|Oct-14-05|| ||Brown: At move 21, Seirawan suggests playing to improve black's minor pieces by... 21...Bxe2 22.Rxe2 Bxc3 23.Bxb6 <23.bxc3 Nc4> axb6 24.bxc3 g5! giving black a good knight with excellent squares while leaving white with a terrible bishop on g2.|
|Sep-20-06|| ||Resignation Trap: Before this game, Botvinnik entered this in his journal:|
Make a move when everything is perfectly clear.
Don't hurry unnecessarily - prolong the struggle.
Remember the assessment of this cunning player. Don't look at him.
Keep an eye on the clock - keep 15 minutes in reserve.
Don't concede the initiative.
Press to the end - without relaxing
|Sep-20-06|| ||Resignation Trap: After the game, Dr. Botvinnik wasn't so upbeat:
"Played very badly. Although I knew what he would play, I was not prepared. Wrongly did not exchange knights in the center and conceded the initiative.
By accurate defense managed to equalize. In general - a bungler! Did not even manage to prolong things! Time!
Now it is clear that he has decided to push hard, in order to exploit his time advantage.
Even so, he does not play according to a plan and not by deep calculation, but for a good position and 2-3 moves ahead.
Even so, I did not see his four moves!!! His first four moves!!!"
|Dec-31-06|| ||shalgo: 15...Bd8 is a nice move--sort of the mirror image of the regular Dutch maneuver Bd7-e8-h5|
|Mar-11-07|| ||talisman: <shalgo> 15...Bd8 is a nice move...but... bronstein's 22nd move is the wrong one.|
|Mar-11-07|| ||shalgo: <bronstein's 22nd move is the wrong one>|
I have heard 22...e4 suggested as an improvement, but haven't seen any analysis of it. And as <Brown> already mentioned, Bronstein also had an improvement at move 21.
|Jul-02-09|| ||Knight13: <shalgo> 22...e4 if White takes on e4 then ...Nxg4 forces the dark squared bishop to go to a less comfortable square, and also White has a problem with the e-pawn.|
But I see White can play e5 and force something out.
|Nov-05-10|| ||Poisonpawns: 15..h5! is strong also. 21..Bxe2 gives black a strong adv. On move 22...Bxe2! 23.Rxe2 Bxc3 24.bxc Nfd7! followed by Rf4,Kf7,Ke7 Nc5 black has a won ending. Also 22..e4 This analysis is from "World Chess championship: Botvinnik to Kasparov bt Wade,Whieley and Keene 1986,Batsford|
|May-22-11|| ||plang: 6 e3 was a new move creating a formation similar to one Botvinnik used with White in the English and with Black in the Closed Sicilian. Later on in the match in games 16 and 22 with colors reversed Botvinnik played 6..d5 although after the match he felt that Bronstein's 6..d6 was preferable. Many analysts recommended 12 c5!? but Black seems to hold his own in the ensuing complications; one variation given by Botvinnik was 12..Bh3 13 cxd..Bxd6 14 dxc..Nxc6 15 Qxd6..Rad8 16 Qc5..Ng4 17 f3..Bxg2 18 fxg..Rxf1+ 19 Kxg2..Qf7 with complications. 15 Nxd5 would have been an improvement but after 15..Nxd5 16 Qxd5+..Be6 not 17 Qxb7?..Qd3 winning a piece. 16 Rac1?! was another inaccuracy (16 Nb5) after which Black had a big advantage.|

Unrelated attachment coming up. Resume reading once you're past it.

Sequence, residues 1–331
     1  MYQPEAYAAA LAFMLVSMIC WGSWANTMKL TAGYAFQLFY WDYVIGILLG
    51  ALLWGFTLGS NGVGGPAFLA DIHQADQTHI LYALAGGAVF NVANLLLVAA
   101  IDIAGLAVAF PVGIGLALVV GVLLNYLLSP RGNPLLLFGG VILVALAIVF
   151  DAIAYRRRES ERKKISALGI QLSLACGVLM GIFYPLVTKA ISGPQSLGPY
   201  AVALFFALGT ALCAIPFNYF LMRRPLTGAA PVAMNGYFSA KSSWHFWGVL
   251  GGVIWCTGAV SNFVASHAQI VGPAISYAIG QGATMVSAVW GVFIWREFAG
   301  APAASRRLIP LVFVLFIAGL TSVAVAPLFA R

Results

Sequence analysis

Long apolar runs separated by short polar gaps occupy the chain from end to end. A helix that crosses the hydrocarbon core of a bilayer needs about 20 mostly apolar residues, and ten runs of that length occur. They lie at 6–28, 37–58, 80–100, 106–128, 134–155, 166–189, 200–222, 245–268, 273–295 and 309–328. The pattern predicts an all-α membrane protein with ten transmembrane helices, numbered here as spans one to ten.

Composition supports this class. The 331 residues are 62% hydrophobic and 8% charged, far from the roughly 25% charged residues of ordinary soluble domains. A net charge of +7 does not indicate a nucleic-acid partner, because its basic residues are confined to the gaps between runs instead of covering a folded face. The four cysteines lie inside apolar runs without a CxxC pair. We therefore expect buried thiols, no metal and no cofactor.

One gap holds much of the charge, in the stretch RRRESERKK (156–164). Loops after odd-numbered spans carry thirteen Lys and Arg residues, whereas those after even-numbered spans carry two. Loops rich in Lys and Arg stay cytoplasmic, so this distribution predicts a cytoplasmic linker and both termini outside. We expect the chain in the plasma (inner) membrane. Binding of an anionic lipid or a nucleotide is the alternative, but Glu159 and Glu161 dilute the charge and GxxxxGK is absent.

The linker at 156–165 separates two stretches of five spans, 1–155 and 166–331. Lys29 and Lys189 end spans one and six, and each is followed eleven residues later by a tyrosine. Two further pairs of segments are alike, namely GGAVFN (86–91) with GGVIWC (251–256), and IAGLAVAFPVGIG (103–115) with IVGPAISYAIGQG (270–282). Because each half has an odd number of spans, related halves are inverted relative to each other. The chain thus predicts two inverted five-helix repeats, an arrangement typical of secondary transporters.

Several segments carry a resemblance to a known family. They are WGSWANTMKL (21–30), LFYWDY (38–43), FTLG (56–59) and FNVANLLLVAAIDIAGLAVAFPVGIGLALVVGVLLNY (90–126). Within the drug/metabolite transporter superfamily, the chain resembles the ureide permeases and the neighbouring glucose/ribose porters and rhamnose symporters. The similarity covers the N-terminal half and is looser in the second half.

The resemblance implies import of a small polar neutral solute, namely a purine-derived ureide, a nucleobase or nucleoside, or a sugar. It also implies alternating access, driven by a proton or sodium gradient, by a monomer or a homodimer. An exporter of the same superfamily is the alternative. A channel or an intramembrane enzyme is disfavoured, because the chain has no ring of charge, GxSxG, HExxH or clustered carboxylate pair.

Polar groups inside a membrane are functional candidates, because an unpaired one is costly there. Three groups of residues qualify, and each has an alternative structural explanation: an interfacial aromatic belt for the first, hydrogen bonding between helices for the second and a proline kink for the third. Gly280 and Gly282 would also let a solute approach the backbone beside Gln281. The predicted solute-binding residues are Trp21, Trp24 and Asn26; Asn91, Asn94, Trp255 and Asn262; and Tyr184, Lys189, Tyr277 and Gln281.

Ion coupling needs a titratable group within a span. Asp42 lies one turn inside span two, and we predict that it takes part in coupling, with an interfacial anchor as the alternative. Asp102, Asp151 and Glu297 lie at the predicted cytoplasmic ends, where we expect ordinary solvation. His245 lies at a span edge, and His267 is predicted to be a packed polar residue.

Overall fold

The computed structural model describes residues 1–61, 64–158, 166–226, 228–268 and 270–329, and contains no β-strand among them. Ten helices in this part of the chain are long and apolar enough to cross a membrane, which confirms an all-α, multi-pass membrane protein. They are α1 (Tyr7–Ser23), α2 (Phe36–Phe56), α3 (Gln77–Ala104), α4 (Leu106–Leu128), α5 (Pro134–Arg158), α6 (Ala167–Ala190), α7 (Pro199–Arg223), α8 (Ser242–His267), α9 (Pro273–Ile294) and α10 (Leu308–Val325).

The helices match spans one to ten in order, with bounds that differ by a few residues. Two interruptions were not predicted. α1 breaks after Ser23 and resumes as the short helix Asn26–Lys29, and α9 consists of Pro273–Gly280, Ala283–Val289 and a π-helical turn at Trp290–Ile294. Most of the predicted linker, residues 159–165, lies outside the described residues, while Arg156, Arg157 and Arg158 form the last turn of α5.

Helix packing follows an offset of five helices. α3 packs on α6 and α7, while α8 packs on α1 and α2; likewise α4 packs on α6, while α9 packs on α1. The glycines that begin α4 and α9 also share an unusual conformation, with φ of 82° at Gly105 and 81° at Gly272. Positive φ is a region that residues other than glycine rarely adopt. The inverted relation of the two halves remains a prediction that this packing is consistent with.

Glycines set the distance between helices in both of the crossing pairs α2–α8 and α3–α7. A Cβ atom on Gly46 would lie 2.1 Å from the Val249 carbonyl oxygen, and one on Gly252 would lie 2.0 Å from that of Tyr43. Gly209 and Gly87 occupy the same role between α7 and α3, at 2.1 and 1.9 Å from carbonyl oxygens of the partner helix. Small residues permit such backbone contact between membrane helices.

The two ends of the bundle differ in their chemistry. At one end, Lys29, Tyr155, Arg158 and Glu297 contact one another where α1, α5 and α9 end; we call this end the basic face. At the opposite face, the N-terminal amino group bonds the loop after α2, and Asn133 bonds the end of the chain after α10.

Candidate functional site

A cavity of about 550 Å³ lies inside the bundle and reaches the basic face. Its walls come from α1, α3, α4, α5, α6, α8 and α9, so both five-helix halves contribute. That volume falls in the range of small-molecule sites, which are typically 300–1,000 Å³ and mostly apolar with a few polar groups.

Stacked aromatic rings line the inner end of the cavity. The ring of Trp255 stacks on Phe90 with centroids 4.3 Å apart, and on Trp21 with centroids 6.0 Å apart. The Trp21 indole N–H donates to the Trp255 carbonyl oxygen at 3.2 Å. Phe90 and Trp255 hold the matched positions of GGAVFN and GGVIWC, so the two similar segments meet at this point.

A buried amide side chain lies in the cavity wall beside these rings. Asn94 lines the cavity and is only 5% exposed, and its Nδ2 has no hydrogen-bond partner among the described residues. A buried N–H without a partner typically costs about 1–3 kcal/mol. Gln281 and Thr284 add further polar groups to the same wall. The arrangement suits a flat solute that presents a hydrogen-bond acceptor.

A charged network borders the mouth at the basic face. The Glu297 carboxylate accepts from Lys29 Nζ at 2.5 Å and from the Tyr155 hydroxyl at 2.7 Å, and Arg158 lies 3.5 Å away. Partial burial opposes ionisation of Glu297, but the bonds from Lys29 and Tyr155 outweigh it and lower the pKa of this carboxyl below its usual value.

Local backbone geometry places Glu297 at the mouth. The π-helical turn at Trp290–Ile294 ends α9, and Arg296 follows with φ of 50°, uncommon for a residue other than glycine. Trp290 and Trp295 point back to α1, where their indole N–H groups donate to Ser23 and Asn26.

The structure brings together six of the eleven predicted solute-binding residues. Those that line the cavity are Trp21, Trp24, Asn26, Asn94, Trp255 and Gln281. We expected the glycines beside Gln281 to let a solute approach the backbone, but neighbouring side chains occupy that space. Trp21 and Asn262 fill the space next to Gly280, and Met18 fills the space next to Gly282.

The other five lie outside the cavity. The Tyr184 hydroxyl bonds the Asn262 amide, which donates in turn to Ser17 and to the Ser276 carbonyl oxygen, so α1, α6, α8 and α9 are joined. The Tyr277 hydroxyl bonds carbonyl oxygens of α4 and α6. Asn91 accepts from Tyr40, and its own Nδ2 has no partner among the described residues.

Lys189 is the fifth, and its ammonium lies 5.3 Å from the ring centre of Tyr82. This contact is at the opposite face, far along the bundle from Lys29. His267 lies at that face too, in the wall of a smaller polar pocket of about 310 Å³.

<At move 21, Seirawan suggests playing to improve black's minor pieces by... 21...Bxe2 22.Rxe2 Bxc3 23.Bxb6 <23.bxc3 Nc4> axb6 24.bxc3 g5! giving black a good knight with excellent squares while leaving white with a terrible bishop on g2.>
Seirawan is actually quoting Bronstein's analysis which he gave as winning for Black.
<I have heard 22...e4 suggested as an improvement, but haven't seen any analysis of it.>
Botvinnik felt that White had enough counterplay after 23 g5..exf 24 Bxf3..Nfd7 25 Bg4..Ne5 26 Be6+..Kh8 27 Nd4..Nbc4 28 Re2..Nxb2 29 Rxb2..Bxc3 30 Rc2. But 22..Bxe2! would still have been sufficient to give Black a winning endgame.
Bronstein after 24..axb:
"The first pair of doubled pawns in the match. I often ask myself: why do I double and then triple my pawns? It is probably due to my liking the open lines. Or perhaps it is some memory of a beautifully won game with isolated doubled pawns? At any rate, it is a major deficiency.
Such a pair of pawns at b6 and b7 in the 23rd game of the match cost me the title of World Champion when the match was almost won. And this was at a point when I myself could have given the opponent double pawns at h2 and h3."
|Dec-18-12|| ||Everett: Bronstein steers the game into a KID pawn structure, yet with an even more active DSB swinging over the Q-side. Remarkable how often he is able to do this to his opponents.|
|Dec-18-12|| ||paul1959: <Everett> Tongue in cheek I guess. Botvinnik novel treatment of the opening was not novel after all (See Paulsen-Mason 1880 , buried under the wrong opening code). I wonder if Botvinnik knew about the game.|
|Dec-20-12|| ||Everett: <paul1959> No, not tongue in cheek. It often didn't matter what his opponents played, novel or not. Bronstein of course played everything, but one can see a KID influence from an early Ruy vs Smyslov to his later treatments vs the ..e6 Sicilian and French. Check out my game collections on him and you'll see what I mean. He even got an advantage vs Shirov with a KIA in rapid as a septugenarian.|
BTW, White's formation here is exactly how Botvinnik, as Black, met Bronstein's KIA later in the '51 match. It is in my "remarkable draws" collection.